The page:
DIY Electric Car Forums banner

1 - 2 of 2 Posts

·
Registered
Joined
·
70 Posts
Discussion Starter · #1 ·
Douglas A. Stansfield" wrote:

> Have fun driving in your gas car Marc. You are delusional to think
> we can find enough oil in this country to supply our current demand.

Doug, I'm really sorry, but I drive a diesel and have for twenty years.
And I'm not making this up. When I say "find" I don't mean find in the
ground, I mean find already on the market. It is a simple, plain fact
that there is enough oil available right now to meet domestic demand
from domestic sources. You don't have to believe it, but it is so
nonetheless. And it's not the first time the question has come up.
During the oil embargo of 1974, the Midwest had no lines at the gas
station, no shortages and no price spikes. The country's news media were
concentrated on the two coasts, so all that was needed to maintain an
atmosphere of crisis was to generate gas lines in LA and New York, which
was easily done by juggling refinery allocations. There was plenty of
domestic oil, and if the embargo had stretched on it would in due course
have been "found."

>Cheap oil is becoming increasingly hard to find. Deep water, Oil
> shale, etc. You have really demonstrated that you don't know the
> facts about our current world oil demand.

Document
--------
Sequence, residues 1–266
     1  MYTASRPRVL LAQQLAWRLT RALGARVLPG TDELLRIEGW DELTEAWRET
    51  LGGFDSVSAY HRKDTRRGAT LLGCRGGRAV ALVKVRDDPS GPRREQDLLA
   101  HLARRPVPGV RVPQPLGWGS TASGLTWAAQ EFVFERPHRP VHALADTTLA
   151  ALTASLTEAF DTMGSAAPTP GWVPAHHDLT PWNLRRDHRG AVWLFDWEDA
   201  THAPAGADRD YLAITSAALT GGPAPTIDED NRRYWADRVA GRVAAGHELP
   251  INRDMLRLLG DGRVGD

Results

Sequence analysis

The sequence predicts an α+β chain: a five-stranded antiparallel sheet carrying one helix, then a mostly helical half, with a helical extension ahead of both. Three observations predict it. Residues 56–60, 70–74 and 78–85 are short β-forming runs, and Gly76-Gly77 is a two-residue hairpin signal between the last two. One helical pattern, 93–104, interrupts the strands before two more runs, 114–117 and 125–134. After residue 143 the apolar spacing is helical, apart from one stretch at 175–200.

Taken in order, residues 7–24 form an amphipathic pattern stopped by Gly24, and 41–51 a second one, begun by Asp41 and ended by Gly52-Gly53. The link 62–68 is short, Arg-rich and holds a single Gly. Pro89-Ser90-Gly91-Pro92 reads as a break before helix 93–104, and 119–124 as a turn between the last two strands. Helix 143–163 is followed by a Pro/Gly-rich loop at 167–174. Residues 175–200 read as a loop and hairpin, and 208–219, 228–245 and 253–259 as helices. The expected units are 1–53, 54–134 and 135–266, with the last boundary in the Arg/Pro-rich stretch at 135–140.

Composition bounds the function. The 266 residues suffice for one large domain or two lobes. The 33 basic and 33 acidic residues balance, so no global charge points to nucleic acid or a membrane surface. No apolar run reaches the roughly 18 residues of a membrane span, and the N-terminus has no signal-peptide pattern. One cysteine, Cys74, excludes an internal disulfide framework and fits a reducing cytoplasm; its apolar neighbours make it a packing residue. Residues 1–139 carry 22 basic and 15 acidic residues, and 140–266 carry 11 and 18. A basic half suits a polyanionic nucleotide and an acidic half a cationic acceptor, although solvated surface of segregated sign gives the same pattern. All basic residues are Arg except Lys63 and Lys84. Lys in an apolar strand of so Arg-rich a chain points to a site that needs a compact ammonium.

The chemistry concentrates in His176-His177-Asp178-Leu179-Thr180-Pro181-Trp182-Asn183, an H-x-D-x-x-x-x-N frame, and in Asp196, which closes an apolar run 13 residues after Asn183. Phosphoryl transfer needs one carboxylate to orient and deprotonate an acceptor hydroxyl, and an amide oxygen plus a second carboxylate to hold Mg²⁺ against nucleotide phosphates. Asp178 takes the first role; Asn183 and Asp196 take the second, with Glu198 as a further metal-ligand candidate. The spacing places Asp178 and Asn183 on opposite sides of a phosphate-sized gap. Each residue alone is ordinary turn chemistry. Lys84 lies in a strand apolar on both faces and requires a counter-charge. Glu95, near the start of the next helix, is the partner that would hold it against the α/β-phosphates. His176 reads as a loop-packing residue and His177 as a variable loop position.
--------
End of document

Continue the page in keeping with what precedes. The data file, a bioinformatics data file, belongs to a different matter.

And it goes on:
Again, you are diving off into the irrelevant and the tendentious. The
facts I offered are current market facts, easily verified. You are
talking about possible future trends, which may or may not be true and
are easily falsified. History has shown that projections of future oil
supply have ALWAYS been wrong. In the nineteen teens, it was known for
certain that petroleum would be exhausted within ten years. Ever since
then, when it has been to the oil companies' advantage to project low
supplies, supplies have been found to be dangerously low. When they
needed to reassure the public, supplies were found for the purpose.

>According to the article, World Wide Peak oil was hit back in 2006!!!
>Funny, no mention of that fact in the US news article.

Possibly true, but definitely irrelevant to the article we are
discussing. Peak Oil only means the point at which the maximum all-time
petroleum production rate is achieved. If it has occurred (and there's
really no way to know - for all you or I know there could be an even
higher peak in 2016) it will affect the vehicle market in the (possibly
far distant) future. The US News article is discussing the immediate